Better Buy: Chipotle Mexican Grill, Inc. vs. Shake Shack Inc

Coming out of the Great Recession, Chipotle (NYSE: CMG) was an investment phenomenon. The company somehow found the magical combination of expanding its number of stores while simultaneously achieving rapid growth at its existing locations.

And then the bottom fell out. On the heels of multiple reports of food-borne illnesses, traffic dried up at stores. The stock cratered, and fortunes were lost.

Shake Shack offers up burgers. Chipotle focuses on burritos. Image source: Getty Images.

Does that mean Shack Shake (NYSE: SHAK), Chipotle's competition in today's battle, is a better buy right now? While that's an impossible question to answer with 100% certainty, we'll investigate three different ways to approach the problem, and see who comes out ahead.

Sustainable competitive advantages

If I could go back and start all over again, I'd spend almost all of my time focusing on the sustainable competitive advantages -- or the "moat" -- of my investments. When I was starting out, I was a sucker for "story stocks."

Stories are seductive, but when they attempt to predict the future -- and we have no control over actually manifesting the story -- they are fragile. The smallest hiccup can cause everything to fall apart.

That's why investigating a company's moat is so important. In the simplest sense, this is what makes a company unique, and keeps customers coming back for more while holding the competition at bay.

The restaurant industry is infamous for its narrow moats. A company's brand name and its scale are the only real moats. On the latter front, Chipotle clearly has a huge advantage over Shack Shake, with almost 2,300 locationsworldwide versus the Shack's 127 eateries.

But when we investigate brands, it gets much more complicated. One thing I like to focus on for the power of brands is same-store sales, which measures how well a company increases traffic at its existing locations. Most restaurants would be happy with results outpacing inflation, but the results from these two are all over the map.

Data source: SEC filings

Chipotle had a rock-solid brand three years ago, helped by its focus on "Food with Integrity", and a simple menu that helped traffic flow through the door.

That brand obviously became tarnished due to the food-borne illness scandal. But it's starting to show signs of a recovery, as the company was ratedthe #1 Mexican restaurant domestically this year.

Shake Shack, on the other hand, might be well known in the urban centers where it's established. But if efforts at expansion are to be successful, that brand needs to gain more strength nationwide.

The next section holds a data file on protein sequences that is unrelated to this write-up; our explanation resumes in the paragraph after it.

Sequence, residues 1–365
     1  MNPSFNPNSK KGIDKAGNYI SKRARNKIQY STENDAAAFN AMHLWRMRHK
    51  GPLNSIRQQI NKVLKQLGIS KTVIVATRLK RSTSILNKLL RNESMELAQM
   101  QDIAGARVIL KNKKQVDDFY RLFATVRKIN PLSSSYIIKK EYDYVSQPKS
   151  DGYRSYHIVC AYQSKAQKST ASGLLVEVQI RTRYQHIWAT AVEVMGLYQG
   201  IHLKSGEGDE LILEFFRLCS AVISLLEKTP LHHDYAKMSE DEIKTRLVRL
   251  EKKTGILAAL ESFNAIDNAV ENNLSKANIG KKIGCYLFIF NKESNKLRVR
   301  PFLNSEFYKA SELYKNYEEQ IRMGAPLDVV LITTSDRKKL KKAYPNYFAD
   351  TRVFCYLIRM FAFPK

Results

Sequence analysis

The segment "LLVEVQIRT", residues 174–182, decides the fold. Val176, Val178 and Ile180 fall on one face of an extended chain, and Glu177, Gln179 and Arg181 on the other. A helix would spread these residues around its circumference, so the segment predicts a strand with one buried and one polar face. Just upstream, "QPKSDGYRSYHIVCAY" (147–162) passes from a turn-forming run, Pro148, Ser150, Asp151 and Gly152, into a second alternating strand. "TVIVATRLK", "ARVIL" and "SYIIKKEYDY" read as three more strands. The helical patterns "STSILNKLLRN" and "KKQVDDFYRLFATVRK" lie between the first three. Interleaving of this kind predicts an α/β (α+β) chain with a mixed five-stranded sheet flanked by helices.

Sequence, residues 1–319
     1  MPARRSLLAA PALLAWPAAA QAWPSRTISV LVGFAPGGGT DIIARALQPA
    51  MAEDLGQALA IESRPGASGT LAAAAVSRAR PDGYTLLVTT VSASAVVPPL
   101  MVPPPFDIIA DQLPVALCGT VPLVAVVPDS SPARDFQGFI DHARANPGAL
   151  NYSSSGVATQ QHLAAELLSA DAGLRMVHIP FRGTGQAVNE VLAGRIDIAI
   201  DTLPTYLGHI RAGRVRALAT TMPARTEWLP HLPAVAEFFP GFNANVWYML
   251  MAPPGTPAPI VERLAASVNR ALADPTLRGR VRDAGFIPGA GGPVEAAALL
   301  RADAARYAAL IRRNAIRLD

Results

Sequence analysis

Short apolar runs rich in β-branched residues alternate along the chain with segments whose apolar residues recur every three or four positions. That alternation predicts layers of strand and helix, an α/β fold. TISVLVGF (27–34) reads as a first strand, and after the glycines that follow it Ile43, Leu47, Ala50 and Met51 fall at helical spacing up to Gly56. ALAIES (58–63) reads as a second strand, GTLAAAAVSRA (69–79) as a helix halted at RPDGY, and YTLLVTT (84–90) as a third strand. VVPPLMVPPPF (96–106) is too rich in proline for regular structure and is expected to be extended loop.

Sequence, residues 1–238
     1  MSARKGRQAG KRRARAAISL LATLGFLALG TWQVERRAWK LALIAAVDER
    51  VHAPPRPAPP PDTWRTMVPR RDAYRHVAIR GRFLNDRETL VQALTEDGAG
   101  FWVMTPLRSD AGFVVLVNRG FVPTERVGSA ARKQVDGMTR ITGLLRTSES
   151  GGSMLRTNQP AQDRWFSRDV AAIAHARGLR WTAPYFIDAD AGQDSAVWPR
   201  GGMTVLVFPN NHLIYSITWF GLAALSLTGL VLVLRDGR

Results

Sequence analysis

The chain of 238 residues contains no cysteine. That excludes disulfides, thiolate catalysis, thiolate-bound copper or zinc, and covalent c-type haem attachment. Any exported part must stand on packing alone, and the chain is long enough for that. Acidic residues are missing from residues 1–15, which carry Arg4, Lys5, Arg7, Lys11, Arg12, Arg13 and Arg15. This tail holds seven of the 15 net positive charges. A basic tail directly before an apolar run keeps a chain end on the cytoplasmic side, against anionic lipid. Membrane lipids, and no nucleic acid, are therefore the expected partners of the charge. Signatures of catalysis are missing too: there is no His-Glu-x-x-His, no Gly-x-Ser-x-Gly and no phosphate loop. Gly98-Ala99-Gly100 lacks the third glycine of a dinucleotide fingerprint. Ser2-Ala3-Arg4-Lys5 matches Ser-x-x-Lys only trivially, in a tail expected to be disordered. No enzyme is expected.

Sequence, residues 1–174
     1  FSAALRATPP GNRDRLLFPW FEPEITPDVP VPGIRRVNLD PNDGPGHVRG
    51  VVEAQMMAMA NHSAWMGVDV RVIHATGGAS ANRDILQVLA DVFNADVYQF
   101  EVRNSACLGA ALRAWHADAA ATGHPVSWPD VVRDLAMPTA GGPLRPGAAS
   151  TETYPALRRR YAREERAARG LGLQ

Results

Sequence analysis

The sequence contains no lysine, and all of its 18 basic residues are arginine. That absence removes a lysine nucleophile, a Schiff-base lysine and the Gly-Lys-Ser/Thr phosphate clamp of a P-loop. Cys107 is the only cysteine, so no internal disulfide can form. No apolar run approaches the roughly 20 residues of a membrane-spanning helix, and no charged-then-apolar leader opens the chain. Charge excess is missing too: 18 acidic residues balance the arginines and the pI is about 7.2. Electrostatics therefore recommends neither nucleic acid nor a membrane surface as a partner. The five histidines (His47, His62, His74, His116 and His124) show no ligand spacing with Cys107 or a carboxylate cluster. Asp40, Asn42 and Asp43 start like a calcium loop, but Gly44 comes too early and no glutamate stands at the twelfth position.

In the end, I don't think the moats at either of these companies are particularly strong, but I'm giving the edge to Chipotle based upon the company's scale.

Winner = Chipotle

Financial fortitude

Chipotle is a poster-child for the importance of financial fortitude. Had the company met the food-borne illness debacle with lots of debt and little cash on hand, it would have faced a severe crisis. But because that wasn't the case, it has survived.

That's because cash gives you options when you are in an economic crisis: you can survive, buy back shares on the cheap, make acquisitions of other distressed companies, and outspend your rivals to gain market share. Debt-heavy companies are in the opposite boat, and often at the whim of debtors.

Keeping in mind that Shake Shack is valued at just one-tenth the size of Chipotle, here's how the two stack up.




Net Income

Free Cash Flow


$577 million


$96 million

$184 million

Shake Shack

$74 million


$13 million

$2 million

Data source: SEC filings, Yahoo! Finance.

The most important thing here is that neither company has any debt to speak of. Relative to size, Shake Shack has more cash on hand and net income over the past twelve months -- but both by relatively slim margins. Chipotle has much stronger free cash flow.

I'm calling this a draw.

Winner = Tie


Finally, we have valuation. While we don't have a one-size-fits-all metric to compare any two companies, we can use multiple data points to make an informed analysis.




PEG Ratio





Shake Shack




Data source: SEC filings, Yahoo! Finance. Morningstar. P/E calculated using non-GAAP EPS.

You'd be hard-pressed to find two restaurants that are valued as expensively as these two. But there are reasonable explanations for this. Shake Shack is small, and barely free cash flow positive, which creates an enormously high ratio. Chipotle's income statement suffered mightily from the food-borne illness crisis, but it is recovering now.

The differentiator -- in my mind -- is that growth seems much more prevalent at Chipotle than Shake Shack, as evidenced by the company's PEG Ratio.

Winner = Chipotle

Our winner is...

So there you have it: Chipotle wins out thanks to its scale and superior growth prospects. But I'm not a fan of either stock, as I believe them to both be narrow-moat organizations with very expensive stocks.

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Brian Stoffel has no position in any stocks mentioned. The Motley Fool owns shares of and recommends Chipotle Mexican Grill. The Motley Fool is short Shake Shack. The Motley Fool has a disclosure policy.